Issue 6, 2015. December-January

   

Georgian Fashion in Vogue

With two Georgian designers heading two European fashion houses and the annual Mercedes Benz Fashion Week Tbilisi inspiring pages of coverage for local designers in major international fashion magazines, could Georgian fashion finally be hitting the mainstream?


In Case You Missed It, Vogue Magazine Is A Little In Love With Georgia

The fashionista's go-to journal published daily missives on Georgia's fashion scene in November, doting on everything from the country's designers and handcrafted shoe culture to its bazaars and beauty treatments.

Vogue is not alone in its new adoration for the je ne sais quoi of Georgian fashion. From Paris to New York, Georgian designers are picking up accolades and international press.

The New York Times gave Georgian-born designer David Koma - a go-to name for Hollywood It Girls - a tentative thumbs up, saying "the tulle ruffles of a tutu, scattered Swarovski crystals and zips in place of boning gave a fluid femininity" to his Spring 2016 line.French power house Balenciaga named Tbilisi-native Demna Gvasalia as its new creative director in October.

Something "creative and unknown"

While both men have been building their careers outside of Georgia for years, international interest in their success could help throw a spotlight on the country's unique fashion world, noted Georgian designer Diana Kvariani.

"I think everyone wants to know about the country of Demna Gvasalia, Balenciaga's new creative director. Also, the fashion world is changing. People are searching for something new, something creative and unknown. I think Georgia is full of these kinds of brands," she said.

Kvariani, who studied in Italy and worked in Russia before returning to Tbilisi to create her Diana Kvariani label, said Georgia has had a strong reputation as a fashion center in the former Soviet Union for "many years". Now, it is "new for the rest of the world," she added.

One force pushing Georgian designers out to a wider audience is Sofia Tchkonia, the organizer of the Organizer of the BENEXT International Art and ARTGeorgia fashion festivals.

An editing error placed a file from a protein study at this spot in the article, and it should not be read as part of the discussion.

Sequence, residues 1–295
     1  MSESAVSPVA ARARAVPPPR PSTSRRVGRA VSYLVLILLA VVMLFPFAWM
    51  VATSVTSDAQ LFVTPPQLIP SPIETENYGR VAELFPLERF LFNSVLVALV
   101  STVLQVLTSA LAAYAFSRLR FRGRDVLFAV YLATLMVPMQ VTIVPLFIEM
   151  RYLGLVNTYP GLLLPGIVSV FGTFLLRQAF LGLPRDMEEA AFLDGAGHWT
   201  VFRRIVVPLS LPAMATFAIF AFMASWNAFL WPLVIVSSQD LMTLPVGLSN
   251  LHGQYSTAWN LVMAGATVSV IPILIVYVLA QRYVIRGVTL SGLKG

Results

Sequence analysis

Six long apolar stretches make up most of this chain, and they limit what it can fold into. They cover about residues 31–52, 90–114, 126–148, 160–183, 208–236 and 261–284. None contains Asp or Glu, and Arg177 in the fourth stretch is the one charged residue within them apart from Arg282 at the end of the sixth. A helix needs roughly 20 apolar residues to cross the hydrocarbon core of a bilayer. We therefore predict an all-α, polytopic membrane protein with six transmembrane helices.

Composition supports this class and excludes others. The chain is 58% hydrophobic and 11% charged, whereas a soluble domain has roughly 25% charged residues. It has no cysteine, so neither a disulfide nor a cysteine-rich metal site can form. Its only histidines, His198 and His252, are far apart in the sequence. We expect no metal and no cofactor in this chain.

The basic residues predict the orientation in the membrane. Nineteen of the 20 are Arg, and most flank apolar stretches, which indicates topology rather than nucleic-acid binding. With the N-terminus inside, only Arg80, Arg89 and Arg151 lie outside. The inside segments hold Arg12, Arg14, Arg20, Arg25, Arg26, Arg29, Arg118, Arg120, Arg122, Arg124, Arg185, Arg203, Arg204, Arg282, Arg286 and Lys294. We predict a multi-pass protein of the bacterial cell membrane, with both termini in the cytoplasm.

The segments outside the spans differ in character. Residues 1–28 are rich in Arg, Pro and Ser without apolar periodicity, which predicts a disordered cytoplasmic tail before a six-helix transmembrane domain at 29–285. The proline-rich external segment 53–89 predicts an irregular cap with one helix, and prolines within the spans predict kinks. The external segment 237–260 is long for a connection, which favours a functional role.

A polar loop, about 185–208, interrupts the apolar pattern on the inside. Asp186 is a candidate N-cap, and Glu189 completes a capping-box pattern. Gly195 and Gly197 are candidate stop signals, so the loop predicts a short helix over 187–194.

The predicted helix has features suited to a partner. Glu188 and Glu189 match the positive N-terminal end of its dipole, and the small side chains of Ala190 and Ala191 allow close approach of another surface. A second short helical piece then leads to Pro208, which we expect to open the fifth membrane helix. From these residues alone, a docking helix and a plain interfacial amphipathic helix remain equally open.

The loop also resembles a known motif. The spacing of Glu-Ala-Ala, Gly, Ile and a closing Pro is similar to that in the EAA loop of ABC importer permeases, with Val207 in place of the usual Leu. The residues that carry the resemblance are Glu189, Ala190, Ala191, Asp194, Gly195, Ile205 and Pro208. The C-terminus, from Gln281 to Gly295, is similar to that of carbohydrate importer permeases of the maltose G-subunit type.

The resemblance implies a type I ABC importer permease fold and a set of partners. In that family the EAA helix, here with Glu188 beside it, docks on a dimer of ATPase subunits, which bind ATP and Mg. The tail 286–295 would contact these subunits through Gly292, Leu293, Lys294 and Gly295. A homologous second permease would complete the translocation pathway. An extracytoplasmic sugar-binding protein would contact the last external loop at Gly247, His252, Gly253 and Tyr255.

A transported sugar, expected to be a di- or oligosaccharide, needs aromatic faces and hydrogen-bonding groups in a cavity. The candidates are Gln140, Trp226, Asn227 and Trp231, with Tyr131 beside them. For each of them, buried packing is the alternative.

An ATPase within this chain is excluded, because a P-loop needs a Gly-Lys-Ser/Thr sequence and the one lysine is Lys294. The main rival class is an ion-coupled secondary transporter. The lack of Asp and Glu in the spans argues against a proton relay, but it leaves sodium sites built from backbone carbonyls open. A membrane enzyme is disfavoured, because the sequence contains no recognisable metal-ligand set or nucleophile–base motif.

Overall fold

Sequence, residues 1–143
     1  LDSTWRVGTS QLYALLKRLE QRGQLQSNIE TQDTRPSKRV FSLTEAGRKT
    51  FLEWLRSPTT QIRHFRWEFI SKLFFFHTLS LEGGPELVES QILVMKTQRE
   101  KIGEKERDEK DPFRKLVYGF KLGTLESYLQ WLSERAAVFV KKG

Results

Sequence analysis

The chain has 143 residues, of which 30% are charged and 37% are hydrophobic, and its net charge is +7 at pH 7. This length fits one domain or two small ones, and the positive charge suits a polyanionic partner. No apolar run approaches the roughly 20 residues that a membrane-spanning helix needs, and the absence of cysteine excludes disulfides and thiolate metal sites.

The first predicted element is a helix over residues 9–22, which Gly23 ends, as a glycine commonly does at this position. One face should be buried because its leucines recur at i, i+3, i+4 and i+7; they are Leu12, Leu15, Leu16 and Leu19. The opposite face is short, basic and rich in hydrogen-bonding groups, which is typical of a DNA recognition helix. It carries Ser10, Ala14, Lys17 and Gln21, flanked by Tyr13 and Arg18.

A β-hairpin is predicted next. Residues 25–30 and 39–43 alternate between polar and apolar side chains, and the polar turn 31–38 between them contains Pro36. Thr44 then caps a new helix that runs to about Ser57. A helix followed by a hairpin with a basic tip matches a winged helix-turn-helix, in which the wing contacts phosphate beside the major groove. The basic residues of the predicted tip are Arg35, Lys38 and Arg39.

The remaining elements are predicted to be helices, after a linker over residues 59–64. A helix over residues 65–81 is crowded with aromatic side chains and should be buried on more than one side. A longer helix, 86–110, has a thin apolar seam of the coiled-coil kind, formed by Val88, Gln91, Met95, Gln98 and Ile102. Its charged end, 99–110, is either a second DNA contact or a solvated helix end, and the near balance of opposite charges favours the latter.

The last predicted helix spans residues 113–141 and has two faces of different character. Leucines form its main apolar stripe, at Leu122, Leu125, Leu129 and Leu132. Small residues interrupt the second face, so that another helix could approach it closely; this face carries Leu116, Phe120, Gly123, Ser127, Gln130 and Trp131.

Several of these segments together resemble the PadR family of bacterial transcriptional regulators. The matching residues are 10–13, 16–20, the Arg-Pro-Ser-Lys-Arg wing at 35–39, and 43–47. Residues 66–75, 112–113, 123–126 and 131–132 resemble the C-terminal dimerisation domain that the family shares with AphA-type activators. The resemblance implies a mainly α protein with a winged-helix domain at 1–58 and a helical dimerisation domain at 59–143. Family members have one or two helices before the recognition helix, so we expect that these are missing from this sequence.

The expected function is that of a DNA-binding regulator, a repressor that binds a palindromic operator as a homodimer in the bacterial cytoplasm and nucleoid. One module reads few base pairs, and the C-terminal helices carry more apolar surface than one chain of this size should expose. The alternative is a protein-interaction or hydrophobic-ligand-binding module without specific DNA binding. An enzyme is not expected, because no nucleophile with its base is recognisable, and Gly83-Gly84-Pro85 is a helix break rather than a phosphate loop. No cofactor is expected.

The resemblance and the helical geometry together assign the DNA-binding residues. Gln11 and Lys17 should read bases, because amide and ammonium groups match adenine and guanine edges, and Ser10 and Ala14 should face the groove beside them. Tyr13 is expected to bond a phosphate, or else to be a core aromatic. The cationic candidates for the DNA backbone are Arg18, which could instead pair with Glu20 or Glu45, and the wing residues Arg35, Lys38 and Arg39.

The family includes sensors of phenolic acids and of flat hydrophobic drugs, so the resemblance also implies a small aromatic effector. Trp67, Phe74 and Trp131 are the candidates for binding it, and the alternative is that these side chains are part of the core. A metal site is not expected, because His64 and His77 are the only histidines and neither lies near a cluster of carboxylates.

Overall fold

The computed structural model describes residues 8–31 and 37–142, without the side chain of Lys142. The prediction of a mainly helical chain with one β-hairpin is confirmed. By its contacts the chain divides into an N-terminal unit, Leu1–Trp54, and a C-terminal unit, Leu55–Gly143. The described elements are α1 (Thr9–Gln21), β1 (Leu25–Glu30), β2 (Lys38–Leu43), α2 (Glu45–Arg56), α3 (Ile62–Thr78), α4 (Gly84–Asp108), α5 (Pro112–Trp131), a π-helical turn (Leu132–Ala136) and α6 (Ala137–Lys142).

It was through Tchkonia that fashion writer HiliPerlson was introduced to Georgian fashion in 2014.

Perlson said she didn't know what to expect when Tchkonia invited her to Tbilisi, but she has been impressed by "the experimental spirit and talent of Georgian designers" during her visits to the capital.

"What struck me the most was the fact that each label managed to create an absolute clear, individual signature," she said.

"I wouldn't say there's a common silhouette, combination of materials, or techniques used that is identifiable among Georgian designers. Rather, there's a certain aesthetic sensibility that appears to me to be informed by a variety of influences and the ability to make those influences and inspirations entirely your own."

Layering of ideas and fabrics

In particular, Perlson pointed to Georgian designers' approach to layering.

"There's obviously great awareness to what's going on in the fashion capitals of the world, and many designers I've spoken to also studied abroad, but the approach to layering - of ideas as well as fabrics - is specific, clever and like nothing I've seen with young designers elsewhere," she said.

Perlson compared Tbilisi's fashion scene to that of Antwerp, a city famous for its fashion academy and its experimental fashion.

"It takes guts to follow something as risky as "your own vision" rather than quotes of what's already selling well," she said.

"My first impression was that this is a new generation of designers who are establishing a scene that didn't exist as such in Tbilisi before; a generation that grew up in a time of political turmoil, economic strife, and blackouts, and who are now creating something new, without playing it safe."

Kvariani agreed that Georgian designers are "not afraid to experiment."

"Georgian fashion is unique because it has its world in fashion. Georgians are not afraid to experiment. Every designer in Georgia has his or her own style, no one is alike. That is incredible for such a small country," she said.